The IFSWF Finally Goes Long
The International Forum of SWFs has published the presentations from its recent meeting in Oslo, Norway. And, based on the content of these presentations, I actually think the IFSWF is now moving in a very positive direction…
The International Forum of SWFs has published all the presentations from its recent meeting in Oslo, Norway. And, based on the content of these presentations, I now think the IFSWF is moving in a very positive direction.
In the past, I’ve argued that the Santiago Principles and the IFSWF, while laudable in their attempt to improve the operations of SWFs, served to shrink the time horizon of these organizations due to the incessant focus on short-term reporting and transparency. The IFSWF’s own 2011 member survey showed this to be true, which was (in my view at least) a real shame. Here we have a set of asset owners that are, in theory at least, the longest-term investors in the world; they are capable of doing some very interesting and constructive things to change the short-termism endemic in finance today. But, instead, the Santiago Principles assumed SWFs to be political threats rather than financial opportunities and so it pushed them into reporting patterns that could lead to short term investing.
But this may now be changing.
I was quite pleased to see that four of the main presentations at the recent IFSWF event were focused precisely on how SWFs can better take advantage of their long time horizon. Andrew Ang did a presentation on the benefits of formal rebalancing policies for long-term investors (e.g., buying low and selling high). Elroy Dimson had a nice presentation focused on investment strategy for long-term investors. Leslie Teo of the GIC presented on governance and its role in driving long-term investment strategies. Kenneth R. French presented on investing for the long term. In addition, there were a few other presentations that touched on this topic as well.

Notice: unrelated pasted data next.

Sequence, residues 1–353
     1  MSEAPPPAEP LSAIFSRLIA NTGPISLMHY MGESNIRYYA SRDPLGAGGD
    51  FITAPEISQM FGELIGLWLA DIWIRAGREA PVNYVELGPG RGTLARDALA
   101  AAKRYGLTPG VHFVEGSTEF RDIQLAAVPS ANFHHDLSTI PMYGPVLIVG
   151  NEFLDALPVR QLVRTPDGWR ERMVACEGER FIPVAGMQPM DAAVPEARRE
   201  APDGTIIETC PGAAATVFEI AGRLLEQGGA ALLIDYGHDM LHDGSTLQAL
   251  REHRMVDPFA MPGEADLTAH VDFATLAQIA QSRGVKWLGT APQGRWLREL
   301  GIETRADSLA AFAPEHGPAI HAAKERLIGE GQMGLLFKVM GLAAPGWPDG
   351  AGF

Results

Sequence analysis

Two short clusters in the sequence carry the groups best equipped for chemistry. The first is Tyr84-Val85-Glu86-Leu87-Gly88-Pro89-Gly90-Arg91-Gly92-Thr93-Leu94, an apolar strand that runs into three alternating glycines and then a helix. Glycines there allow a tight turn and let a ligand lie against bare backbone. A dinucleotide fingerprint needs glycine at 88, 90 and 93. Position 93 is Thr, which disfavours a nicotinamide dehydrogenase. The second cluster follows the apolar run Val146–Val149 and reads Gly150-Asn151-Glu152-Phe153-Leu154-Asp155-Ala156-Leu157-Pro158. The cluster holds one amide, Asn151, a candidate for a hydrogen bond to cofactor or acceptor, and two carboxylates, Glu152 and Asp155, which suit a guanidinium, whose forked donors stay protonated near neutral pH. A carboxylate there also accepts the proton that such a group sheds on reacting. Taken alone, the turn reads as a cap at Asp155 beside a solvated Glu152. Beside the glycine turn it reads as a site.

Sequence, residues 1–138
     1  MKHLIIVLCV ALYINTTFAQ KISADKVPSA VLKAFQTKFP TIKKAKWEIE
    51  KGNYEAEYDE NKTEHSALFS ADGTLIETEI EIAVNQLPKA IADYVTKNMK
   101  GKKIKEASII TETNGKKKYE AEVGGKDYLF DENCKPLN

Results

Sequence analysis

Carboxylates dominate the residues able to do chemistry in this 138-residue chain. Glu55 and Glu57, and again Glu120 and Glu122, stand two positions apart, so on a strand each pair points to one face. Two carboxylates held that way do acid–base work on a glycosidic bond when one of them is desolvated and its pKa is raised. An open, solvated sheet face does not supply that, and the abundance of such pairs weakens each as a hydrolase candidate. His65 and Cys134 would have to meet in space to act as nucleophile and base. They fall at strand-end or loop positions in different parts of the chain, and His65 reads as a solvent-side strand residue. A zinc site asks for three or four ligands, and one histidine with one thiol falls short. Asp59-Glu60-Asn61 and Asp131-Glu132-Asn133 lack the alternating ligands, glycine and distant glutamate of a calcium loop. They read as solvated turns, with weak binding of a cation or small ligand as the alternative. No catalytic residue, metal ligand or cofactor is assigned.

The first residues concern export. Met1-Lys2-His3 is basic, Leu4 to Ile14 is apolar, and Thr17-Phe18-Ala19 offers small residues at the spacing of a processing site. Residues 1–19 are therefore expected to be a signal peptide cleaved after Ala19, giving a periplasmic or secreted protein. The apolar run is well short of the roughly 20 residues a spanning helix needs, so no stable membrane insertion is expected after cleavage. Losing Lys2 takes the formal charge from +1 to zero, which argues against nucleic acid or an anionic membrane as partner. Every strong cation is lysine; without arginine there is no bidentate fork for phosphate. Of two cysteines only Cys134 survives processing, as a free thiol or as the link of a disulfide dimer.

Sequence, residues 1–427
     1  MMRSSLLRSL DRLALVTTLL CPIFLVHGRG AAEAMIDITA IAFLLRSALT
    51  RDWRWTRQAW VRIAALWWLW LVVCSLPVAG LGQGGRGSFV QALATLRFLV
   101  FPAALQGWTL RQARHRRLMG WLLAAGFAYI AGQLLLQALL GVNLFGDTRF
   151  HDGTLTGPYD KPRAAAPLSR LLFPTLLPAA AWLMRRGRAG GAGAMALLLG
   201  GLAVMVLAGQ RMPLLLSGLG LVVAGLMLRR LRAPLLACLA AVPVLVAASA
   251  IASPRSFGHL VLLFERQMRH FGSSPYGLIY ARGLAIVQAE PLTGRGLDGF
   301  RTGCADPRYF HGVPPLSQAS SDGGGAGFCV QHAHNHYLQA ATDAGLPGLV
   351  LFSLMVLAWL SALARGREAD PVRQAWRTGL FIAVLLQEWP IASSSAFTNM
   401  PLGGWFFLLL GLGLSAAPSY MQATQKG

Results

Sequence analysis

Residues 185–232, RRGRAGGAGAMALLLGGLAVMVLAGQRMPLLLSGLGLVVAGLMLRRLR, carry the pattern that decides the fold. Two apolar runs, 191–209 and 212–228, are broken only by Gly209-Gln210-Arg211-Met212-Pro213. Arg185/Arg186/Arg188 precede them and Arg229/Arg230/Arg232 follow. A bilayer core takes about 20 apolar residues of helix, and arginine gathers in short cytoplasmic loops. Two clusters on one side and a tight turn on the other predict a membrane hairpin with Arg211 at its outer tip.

Here are a few of the key take-aways from this work:
- Rebalancing to fixed positions is critical for long-term investment strategies
- Long-term investing means being a very good short-term investor
- By taking a contrarian approach, long-term investors can acquire distressed assets at attractive prices (thereby harvesting the illiquidity premium in an efficient manner).
- Being a long-term investor requires considerable resources, strong governance and smart accountability structures.
- It’s important that long-term investors evaluate success over a long-term time horizon, as the time frame over which risk premia manifest can be very long as well.
- It’s important to understand what it is the clients (sponsors) want and need, which means it’s necessary to have candid and clear conversations about objectives and what is and is not feasible.
- It’s important to attract that right talent and then provide them with long-term oriented compensation.
Anyway, I think this new focus is quite a positive development for this organization. For the first time in a long time, I’m now excited to see how the IFSWF develops in the years ahead...